Snell’s combination of high-end talent and cheap, long-term control meant the Padres had no choice but to offer an elite package to pry him from Tampa. All four players headed back to the Rays are highly-regarded youngsters, headlined by the 21-year-old Patiño. A 2016 international signee out of Colombia, the extremely athletic Patiño quickly emerged as one of the game’s best prospects. Each of Baseball America, The Athletic’s Keith Law and FanGraphs’ Eric Longenhagen placed him among the top twenty prospects in the sport entering 2020. He draws praise for a mid-high 90’s fastball and plus slider and shows the makings of a plus changeup and above-average control, per Baseball America.

Patiño made his MLB debut, mostly working out of the bullpen, in 2020. His first 17.1 MLB innings didn’t go well, as he struggled to throw strikes and only managed a 5.19 ERA. But Patiño had only thrown 7.2 innings above A-ball entering the season and surely would’ve been given more minor-league seasoning in 2020 had there been a season. He was nothing short of dominant in the low minors from 2018-19 and is a high-upside arm who could contribute for Tampa Bay in the near future. Patiño has yet to accrue a full year of service and comes with six seasons of team control. If he were to stick in the majors for good, he’d be controllable through 2026.

Hunt, too, has emerged as a top 100 caliber prospect, tweets Longenhagen. The 22-year-old catcher has “been hitting to all fields with power” and shown elite arm strength in recent workouts, he adds. Hunt ranked just 20th among Padre farmhands in Baseball America’s midseason Padres farm system ranking but seems to have turned a corner in recent months. In 2019, Hunt slashed .255/.331/.381 over 376 plate appearances in Low-A ball.

While Hunt may have the brighter long-term future behind the plate, Mejía isn’t far removed from being seen as an elite catching talent himself. The 25-year-old ranked among Baseball America’s top 35 overall prospects every year between 2017 and 2019 and headlined the Padres-Indians 2018 Brad Hand blockbuster. He comes with question marks about his aptitude behind the dish and has compiled just a .225/.282/.386 slash line in 362 MLB plate appearances over the past four seasons. As MLBTR’s Mark Polishuk recently examined, though, it’s easy to understand the long-term appeal he still holds to Tampa Bay. Mejía’s a switch-hitter who demonstrated elite bat-to-ball skills in the minors and has a top-of-the-scale arm. Given his lack of MLB track record, there’s more risk in his profile than there may have been at the peak of his prospect status, but Mejía carries some long-term intrigue and can immediately step into the Rays’ MLB catching mix with Mike Zunino. Mejía has two-plus years of MLB service and can controlled through the 2024 season. He’ll be eligible for arbitration for the first time next winter.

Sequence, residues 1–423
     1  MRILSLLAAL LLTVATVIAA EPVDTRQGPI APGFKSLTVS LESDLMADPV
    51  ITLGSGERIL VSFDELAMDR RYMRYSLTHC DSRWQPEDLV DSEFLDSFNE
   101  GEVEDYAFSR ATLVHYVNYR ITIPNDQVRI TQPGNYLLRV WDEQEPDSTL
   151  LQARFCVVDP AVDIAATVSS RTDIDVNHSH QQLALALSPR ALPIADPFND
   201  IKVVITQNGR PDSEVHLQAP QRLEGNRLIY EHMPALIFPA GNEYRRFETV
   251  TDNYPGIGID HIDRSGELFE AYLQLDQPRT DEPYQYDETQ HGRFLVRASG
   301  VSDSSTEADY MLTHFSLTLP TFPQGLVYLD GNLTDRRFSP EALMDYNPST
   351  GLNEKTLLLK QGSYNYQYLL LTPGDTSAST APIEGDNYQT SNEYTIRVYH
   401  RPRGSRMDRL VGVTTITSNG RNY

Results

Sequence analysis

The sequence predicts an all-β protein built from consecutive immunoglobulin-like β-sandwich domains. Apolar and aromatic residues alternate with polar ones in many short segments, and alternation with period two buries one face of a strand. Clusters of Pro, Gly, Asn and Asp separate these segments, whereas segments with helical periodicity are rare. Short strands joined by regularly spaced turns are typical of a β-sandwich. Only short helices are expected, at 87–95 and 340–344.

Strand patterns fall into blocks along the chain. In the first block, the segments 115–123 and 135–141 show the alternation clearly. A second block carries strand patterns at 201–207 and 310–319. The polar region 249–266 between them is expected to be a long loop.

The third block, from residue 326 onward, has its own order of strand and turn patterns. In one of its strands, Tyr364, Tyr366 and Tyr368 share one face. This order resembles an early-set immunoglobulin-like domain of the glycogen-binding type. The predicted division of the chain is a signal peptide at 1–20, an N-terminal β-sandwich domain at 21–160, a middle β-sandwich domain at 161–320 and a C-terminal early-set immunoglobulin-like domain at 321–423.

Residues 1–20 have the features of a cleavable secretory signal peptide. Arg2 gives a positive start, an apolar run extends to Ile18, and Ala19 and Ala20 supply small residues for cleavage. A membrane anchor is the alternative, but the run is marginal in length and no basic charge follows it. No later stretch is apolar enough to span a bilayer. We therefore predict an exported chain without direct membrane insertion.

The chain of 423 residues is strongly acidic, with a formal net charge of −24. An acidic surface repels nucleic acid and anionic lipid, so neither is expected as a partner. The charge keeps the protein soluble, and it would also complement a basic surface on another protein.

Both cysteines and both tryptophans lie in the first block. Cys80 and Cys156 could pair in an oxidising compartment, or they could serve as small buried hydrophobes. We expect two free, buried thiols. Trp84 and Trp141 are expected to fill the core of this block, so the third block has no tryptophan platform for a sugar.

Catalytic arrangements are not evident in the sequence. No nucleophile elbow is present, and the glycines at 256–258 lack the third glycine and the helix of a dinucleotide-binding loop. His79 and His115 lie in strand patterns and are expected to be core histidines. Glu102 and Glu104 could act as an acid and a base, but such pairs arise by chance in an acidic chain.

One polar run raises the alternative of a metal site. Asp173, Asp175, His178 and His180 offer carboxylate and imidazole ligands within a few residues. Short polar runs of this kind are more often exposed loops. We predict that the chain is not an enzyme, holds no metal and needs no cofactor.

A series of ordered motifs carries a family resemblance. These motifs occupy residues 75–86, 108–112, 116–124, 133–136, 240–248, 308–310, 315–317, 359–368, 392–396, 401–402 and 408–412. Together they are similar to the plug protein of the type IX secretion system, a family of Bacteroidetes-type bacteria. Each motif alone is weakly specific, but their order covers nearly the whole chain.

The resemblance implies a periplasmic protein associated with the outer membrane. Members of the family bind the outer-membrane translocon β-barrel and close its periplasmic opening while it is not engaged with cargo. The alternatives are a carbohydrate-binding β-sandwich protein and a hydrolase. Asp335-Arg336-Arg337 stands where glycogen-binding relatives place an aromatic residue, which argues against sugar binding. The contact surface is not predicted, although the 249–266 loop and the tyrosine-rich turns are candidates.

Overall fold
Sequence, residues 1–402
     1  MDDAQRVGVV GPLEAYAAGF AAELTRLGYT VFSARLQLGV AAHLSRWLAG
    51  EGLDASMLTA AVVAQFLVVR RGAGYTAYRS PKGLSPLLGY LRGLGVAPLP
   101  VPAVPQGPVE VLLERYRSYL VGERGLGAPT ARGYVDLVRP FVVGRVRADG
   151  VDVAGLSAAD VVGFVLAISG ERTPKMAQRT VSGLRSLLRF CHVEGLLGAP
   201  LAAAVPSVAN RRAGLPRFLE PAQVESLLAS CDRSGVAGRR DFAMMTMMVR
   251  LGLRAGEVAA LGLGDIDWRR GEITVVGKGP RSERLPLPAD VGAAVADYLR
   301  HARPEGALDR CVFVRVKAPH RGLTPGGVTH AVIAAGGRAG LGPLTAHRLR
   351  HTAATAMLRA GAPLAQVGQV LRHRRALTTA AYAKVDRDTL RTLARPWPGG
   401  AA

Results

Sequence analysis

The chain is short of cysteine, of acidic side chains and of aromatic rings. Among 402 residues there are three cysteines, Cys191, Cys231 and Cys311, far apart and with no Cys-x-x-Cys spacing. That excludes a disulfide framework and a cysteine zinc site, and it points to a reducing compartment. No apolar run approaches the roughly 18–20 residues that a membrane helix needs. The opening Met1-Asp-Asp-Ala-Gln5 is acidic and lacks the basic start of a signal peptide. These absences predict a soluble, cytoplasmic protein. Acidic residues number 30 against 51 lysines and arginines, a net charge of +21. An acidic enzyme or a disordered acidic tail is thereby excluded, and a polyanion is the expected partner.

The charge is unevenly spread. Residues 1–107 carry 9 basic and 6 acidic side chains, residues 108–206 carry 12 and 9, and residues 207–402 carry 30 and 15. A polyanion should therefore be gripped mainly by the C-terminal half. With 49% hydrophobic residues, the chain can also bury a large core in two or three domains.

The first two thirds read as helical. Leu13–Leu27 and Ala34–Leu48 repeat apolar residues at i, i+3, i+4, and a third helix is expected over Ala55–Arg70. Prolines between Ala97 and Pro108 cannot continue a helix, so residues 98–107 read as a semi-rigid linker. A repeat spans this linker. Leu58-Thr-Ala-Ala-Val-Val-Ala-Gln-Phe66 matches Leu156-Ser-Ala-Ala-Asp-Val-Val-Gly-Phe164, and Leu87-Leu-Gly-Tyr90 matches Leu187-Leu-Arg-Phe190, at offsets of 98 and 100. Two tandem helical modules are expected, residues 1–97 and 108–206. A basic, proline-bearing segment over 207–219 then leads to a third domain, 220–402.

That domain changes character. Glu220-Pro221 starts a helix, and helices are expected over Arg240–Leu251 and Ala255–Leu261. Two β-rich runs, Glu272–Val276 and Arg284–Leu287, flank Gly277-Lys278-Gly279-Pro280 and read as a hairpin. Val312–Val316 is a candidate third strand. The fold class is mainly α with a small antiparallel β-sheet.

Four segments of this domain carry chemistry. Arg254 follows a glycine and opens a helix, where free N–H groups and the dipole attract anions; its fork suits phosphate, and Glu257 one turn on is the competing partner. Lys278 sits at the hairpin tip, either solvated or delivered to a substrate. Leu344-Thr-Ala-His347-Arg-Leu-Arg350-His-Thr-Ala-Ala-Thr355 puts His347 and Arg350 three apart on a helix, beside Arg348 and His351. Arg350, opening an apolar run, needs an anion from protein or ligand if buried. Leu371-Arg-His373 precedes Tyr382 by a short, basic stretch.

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Rob Manfred, MLB announce elevation of Negro Leagues to ‘Major League’ status

By Erin Walsh | Last updated 12/16/20

The Negro Leagues that ran from 1920-48 have officially been elevated to “major league” status by Major League Baseball.

MLB Commissioner Rob Manfred announced the news on Wednesday via the league’s communications department. Manfred described the move as “correcting a longtime oversight in the game’s history.”

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Cleveland Indians to change team name

Originally posted on MLB Trade Rumors | By Mark Polishuk | Last updated 12/13/20

The Cleveland Indians have decided to change their team name, according to David Waldstein and Michael S. Schmidt of the New York Times.  An announcement from the club could come at some point this week, though the team might retain the name throughout the 2021 season and then officially adopt a new nickname for 2022.  The club is also considering adopting a generic name (such as “The Cleveland Baseball Team”) in the interim.

The Cleveland organization announced it was considering a possible name change in a statement last July, not long after the NFL’s Washington franchise indicated it was weighing a move away from its former nickname — hence the creation of the “Washington Football Team” designation for the 2020-21 NFL campaign.  Even before July, however, there had been indications that the Cleveland team was slowly laying the groundwork for a name change, such as how the club’s old “Chief Wahoo” mascot was no longer prominently featured on uniforms, and the now-familiar “C” logo had become the primary choice on caps.

This won’t be the first name change for the franchise, as they were first known as the Grand Rapids Rustlers upon their original foundation in 1894 (when based in Grand Rapids, Michigan) and then became known as the Cleveland Lake Shores after moving to Ohio.  When the team joined the American League in 1901, the name changed twice in as many seasons, going from the Bluebirds (or Blues) in 1901 and then the Bronchos in 1902, before settling on becoming “the Cleveland Naps” from 1903-1914 in a nod to newly-acquired superstar Napoleon Lajoie.